AISP - 36th National Congress. Bologna, Italy. October 4-6, 2012


Intestinal Volvolus After Robotic Pancreaticoduodenectomy


Emanuele F Kauffmann, Francesca Costa, Andrea Gennai, Dario Tartaglia, Niccolò Napoli, Nelide De Lio, Ugo Boggi


Division of General and Transplant Surgery, University of Pisa. Pisa, Italy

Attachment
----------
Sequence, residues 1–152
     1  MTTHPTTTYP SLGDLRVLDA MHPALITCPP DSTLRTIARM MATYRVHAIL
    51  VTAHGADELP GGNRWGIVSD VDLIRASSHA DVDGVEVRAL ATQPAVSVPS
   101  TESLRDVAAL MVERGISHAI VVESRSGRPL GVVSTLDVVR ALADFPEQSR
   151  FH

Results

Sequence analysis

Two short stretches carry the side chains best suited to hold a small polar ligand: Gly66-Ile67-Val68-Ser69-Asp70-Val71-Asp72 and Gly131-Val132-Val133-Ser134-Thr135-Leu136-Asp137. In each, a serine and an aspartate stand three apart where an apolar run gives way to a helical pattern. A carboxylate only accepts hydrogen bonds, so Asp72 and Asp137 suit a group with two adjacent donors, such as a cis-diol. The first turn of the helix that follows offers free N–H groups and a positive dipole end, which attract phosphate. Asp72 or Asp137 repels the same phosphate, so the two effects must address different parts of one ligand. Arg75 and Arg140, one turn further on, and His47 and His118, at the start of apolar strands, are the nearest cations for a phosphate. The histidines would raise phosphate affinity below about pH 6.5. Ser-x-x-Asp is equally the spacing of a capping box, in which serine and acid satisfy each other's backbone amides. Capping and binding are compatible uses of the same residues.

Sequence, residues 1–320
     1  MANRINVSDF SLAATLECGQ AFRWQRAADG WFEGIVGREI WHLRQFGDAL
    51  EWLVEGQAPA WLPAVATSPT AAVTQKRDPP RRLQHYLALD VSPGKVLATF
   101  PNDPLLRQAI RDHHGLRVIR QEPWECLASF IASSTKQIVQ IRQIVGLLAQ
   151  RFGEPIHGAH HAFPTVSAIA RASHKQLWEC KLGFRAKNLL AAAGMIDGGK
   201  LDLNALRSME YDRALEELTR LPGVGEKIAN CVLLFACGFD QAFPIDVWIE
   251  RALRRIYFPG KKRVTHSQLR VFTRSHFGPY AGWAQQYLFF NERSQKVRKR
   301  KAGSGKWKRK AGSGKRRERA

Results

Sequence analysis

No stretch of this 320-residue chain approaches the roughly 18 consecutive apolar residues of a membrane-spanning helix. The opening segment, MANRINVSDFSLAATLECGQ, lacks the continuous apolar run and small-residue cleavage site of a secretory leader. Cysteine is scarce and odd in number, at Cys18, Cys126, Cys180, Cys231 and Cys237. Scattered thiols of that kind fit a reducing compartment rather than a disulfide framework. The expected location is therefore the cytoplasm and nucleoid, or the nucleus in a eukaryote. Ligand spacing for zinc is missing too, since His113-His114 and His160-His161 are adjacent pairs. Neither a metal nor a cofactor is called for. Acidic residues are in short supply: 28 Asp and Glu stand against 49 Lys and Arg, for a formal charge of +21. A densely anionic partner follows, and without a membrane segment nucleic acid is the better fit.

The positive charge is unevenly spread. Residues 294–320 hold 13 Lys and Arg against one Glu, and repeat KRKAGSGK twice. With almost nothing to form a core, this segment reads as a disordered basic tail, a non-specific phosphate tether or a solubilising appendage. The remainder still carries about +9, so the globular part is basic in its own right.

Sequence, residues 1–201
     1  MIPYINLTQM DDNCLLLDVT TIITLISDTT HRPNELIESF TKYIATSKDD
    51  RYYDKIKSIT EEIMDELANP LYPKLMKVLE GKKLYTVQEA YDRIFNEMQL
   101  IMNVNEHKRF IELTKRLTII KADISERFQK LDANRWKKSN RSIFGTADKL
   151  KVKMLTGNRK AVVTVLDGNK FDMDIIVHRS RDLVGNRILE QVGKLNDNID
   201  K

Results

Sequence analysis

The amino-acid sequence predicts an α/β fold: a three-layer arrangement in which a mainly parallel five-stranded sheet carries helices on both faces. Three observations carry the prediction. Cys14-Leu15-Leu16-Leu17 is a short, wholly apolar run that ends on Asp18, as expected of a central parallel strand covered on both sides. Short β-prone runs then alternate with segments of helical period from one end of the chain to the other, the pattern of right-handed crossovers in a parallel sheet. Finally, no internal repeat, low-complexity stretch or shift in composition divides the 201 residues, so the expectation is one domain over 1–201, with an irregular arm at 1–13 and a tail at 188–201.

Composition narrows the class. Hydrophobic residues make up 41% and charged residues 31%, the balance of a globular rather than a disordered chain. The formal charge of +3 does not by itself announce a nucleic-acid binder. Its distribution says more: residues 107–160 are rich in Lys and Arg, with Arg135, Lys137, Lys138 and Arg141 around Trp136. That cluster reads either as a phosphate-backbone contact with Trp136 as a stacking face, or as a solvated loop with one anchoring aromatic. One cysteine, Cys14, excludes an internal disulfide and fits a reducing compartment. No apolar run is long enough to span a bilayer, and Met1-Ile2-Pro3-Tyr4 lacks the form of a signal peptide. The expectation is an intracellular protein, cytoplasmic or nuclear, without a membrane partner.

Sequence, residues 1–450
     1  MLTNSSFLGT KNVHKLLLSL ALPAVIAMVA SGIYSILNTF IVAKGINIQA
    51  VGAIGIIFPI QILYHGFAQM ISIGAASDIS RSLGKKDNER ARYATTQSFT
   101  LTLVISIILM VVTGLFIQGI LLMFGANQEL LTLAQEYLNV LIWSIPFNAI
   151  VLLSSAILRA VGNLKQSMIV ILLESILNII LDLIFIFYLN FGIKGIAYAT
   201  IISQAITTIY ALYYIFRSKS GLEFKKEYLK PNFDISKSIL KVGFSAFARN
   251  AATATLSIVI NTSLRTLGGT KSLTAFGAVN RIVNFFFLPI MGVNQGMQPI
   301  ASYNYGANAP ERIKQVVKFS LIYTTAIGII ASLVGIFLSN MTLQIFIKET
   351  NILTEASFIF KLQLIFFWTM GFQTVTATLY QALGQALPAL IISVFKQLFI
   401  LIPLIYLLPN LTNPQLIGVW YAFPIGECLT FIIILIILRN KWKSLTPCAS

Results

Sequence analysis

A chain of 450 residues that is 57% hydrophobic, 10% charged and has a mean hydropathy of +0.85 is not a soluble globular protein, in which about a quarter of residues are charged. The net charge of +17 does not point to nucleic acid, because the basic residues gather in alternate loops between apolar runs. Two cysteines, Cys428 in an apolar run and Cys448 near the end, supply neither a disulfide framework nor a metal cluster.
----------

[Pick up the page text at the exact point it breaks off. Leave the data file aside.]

Context Intestinal volvulus is an uncommon complication either of open surgery either of mini-invasive surgery. Recent papers report few cases of small bowel obstruction after robotic-assisted surgery, but none due to an intestinal volvulus. In our experience including more than 90 robotic pancreatic resections we have had only one intestinal volvulus. We report the case of a small bowel obstruction because of a volvulus after robotic pancreatico­duodenectomy. Case report A 42-year-old man underwent robot-assisted pancreaticoduodenectomy on July 2011 for choledochus’ adenocarcinoma. On September 2011 he was readmitted to us for an intestinal obstruction. Preoperative imaging included abdomen radiography and computed tomography. The latter showed a twisted small bowel loop with a strong lumen reduction. Robot-assisted pancreatico­duodenectomy  was the only previous operation he had had. The patient underwent to a laparotomy, in order to easily diagnose the site of the obstruction. The entire small bowel was found to have rotated clockwise around the mesenteric vessels. Distal ileum, that included the obstruction, was resected. Final pathology disclosed only inflammation and granulation tissue. The postoperative course was uneventful and the patient was discharged on the fifteenth postoperative day. Conclusion The causes of small bowel rotation are not well known. An abnormally mobile bowel or other anatomic predispositions might have a role; another possible causes are post-operative adhesions that may create an axis around which the small bowel can rotate. Our patient have had only pancreaticoduodenectomy that, even if performed robotically, it is a very hard operation but at the repeat surgery the entire small bowel was found to have rotated clockwise around the mesenteric vessels without any adhesion. Robotic surgery needs the pneumoperitoneum induction and tilting table to a suitable position which are possible causes allowing a volvulus creation. In our experience, the posterior repair of peritoneum can avoid the onset of a volvulus and it can be as easily performed by robotic approach as in open surgery.